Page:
NCPA - National Center for Policy Analysis

Social Security Lessons From Other Countries

August 29, 2002

The U.S. Social Security system is relatively healthy compared with other countries that have not yet reformed their systems. However, some 20 countries in Latin America, Europe and the Asian-Pacific region have already made major structural reforms to their pension systems. At least another 10 countries are moving in that direction.

The reformed systems have many differences, but share certain characteristics. These include:

  • A partial shift from a pay-as-you-go system to a funded system, with private management of the funds.
  • A partial shift from defined benefit plans to defined contribution plans.
  • Compulsory contributions to the private accounts; regulation of the investments; and integration with the public social security program.

There are several lessons that reformers in the United States can learn from the experiences of other countries around the world. Among them:

  • Private sector control over personal retirement accounts is more profitable than a centrally controlled pension reserve -- the average privately managed pension fund in developed nations around the world earned a 4.1 percent average annual rate of return, while the average publicly managed pension fund lost an average of 8.4 percent per year.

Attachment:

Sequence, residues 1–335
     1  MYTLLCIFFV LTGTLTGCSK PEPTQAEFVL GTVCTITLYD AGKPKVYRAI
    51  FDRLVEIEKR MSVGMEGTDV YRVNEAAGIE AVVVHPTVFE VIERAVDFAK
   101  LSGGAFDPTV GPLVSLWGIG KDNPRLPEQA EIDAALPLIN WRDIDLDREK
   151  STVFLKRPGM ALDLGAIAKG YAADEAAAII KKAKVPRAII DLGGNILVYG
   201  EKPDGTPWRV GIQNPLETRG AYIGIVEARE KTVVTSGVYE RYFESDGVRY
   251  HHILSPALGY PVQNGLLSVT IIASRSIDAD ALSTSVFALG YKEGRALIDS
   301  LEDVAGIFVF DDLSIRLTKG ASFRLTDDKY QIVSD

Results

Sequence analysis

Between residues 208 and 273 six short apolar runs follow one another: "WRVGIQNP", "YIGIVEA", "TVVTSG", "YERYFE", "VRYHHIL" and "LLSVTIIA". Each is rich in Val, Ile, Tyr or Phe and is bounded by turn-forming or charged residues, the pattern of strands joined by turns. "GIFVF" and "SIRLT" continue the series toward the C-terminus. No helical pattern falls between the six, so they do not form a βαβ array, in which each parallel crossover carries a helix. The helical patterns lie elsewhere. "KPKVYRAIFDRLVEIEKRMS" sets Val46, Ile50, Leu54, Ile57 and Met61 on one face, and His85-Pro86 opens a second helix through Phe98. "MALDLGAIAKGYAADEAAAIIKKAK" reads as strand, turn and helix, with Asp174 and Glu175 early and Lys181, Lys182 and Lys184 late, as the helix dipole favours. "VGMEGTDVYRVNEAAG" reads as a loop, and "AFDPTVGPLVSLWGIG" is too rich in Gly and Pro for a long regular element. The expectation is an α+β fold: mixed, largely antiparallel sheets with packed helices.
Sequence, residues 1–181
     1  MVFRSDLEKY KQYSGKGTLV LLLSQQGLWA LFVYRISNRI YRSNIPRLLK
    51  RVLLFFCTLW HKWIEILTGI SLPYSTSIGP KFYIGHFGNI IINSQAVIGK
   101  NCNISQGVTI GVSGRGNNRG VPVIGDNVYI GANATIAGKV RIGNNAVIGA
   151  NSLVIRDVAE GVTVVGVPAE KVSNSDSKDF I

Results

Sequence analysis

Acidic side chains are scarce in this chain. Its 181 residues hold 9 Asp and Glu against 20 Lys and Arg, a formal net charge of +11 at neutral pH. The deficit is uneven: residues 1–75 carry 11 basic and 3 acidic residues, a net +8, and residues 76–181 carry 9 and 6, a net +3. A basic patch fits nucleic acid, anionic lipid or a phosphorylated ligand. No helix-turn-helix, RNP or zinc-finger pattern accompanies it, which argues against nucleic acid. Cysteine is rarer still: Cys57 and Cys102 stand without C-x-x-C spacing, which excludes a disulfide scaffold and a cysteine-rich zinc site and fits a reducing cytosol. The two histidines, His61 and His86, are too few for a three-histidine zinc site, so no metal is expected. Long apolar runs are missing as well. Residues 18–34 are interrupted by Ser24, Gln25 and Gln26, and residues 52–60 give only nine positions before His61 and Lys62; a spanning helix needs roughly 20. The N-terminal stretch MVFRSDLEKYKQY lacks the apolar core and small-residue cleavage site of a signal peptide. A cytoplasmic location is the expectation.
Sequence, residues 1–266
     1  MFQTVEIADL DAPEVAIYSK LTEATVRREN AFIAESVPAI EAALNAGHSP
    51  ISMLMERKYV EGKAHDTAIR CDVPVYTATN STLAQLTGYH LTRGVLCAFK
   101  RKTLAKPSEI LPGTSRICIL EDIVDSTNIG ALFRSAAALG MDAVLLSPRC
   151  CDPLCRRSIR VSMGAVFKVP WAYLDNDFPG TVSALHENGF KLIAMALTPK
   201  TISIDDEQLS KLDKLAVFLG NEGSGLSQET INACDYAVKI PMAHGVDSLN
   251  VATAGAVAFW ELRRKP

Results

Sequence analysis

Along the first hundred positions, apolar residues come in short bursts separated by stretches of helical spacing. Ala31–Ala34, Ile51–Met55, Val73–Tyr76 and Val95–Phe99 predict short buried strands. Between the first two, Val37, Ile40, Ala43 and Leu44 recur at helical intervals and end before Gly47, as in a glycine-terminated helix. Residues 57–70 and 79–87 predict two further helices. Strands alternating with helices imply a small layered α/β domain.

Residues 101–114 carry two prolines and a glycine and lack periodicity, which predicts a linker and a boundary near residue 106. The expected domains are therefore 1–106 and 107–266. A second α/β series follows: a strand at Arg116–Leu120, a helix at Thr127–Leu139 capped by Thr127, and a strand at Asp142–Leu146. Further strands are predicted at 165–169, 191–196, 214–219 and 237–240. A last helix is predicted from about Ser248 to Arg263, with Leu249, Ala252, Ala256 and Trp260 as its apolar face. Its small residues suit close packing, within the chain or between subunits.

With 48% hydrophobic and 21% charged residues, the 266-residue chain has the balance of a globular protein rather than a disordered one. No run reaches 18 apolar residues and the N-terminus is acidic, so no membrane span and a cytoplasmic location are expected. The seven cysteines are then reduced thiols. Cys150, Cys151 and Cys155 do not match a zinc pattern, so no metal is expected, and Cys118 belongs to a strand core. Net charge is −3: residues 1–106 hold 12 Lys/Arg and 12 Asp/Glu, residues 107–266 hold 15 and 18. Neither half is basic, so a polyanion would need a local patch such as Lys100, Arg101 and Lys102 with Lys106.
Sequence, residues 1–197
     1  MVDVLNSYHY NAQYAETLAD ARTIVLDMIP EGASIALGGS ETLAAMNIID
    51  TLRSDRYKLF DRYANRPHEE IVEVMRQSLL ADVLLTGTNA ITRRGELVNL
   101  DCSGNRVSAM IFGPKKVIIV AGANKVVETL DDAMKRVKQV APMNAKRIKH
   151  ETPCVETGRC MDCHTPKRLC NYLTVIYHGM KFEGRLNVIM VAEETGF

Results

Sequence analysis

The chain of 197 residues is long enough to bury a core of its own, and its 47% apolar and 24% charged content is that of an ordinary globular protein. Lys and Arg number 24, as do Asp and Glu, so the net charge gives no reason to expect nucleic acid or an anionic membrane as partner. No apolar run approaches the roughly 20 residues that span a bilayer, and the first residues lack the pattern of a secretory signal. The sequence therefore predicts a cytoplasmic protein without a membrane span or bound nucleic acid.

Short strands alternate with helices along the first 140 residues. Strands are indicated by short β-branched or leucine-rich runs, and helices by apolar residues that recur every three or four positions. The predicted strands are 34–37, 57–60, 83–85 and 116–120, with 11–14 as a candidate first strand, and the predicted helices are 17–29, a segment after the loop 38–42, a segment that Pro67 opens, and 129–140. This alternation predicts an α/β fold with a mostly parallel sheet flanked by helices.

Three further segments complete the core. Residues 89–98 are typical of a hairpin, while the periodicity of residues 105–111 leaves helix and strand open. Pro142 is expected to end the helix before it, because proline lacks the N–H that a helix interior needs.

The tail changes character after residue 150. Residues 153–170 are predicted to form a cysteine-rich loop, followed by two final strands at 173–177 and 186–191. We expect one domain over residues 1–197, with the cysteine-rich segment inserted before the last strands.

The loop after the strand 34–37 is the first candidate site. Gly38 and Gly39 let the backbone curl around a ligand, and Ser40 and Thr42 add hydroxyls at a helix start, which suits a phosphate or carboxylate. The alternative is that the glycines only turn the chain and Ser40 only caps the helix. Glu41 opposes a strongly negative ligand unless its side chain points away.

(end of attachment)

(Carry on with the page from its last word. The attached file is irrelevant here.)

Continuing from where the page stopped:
• Individual accounts can be created in a way that minimizes administrative fees.
  • Risk can be reduced by encouraging diversification or instituting a minimum guaranteed benefit.
  • Reformed systems can, in some cases, redistribute income from high earners to low-income earners better than traditional pay-as-you-go programs, which are biased against people with shorter life expectancies.
  • Reform involves transition costs -- but in the course of reform, the total pension obligation of the government has actually been reduced in almost every country.

Currently, some 80 million workers have access to personal retirement accounts. The list includes countries both large and small, industrialized and developing, socialist and free market -- but not the United States.

Source: Estelle James, "Social Security Reform Around the World: Lessons from Other Countries," NCPA Policy Report, August 2002, National Center for Policy Analysis, 12770 Coit Rd., Suite 800, Dallas, Texas 75251, (972) 386-6272.

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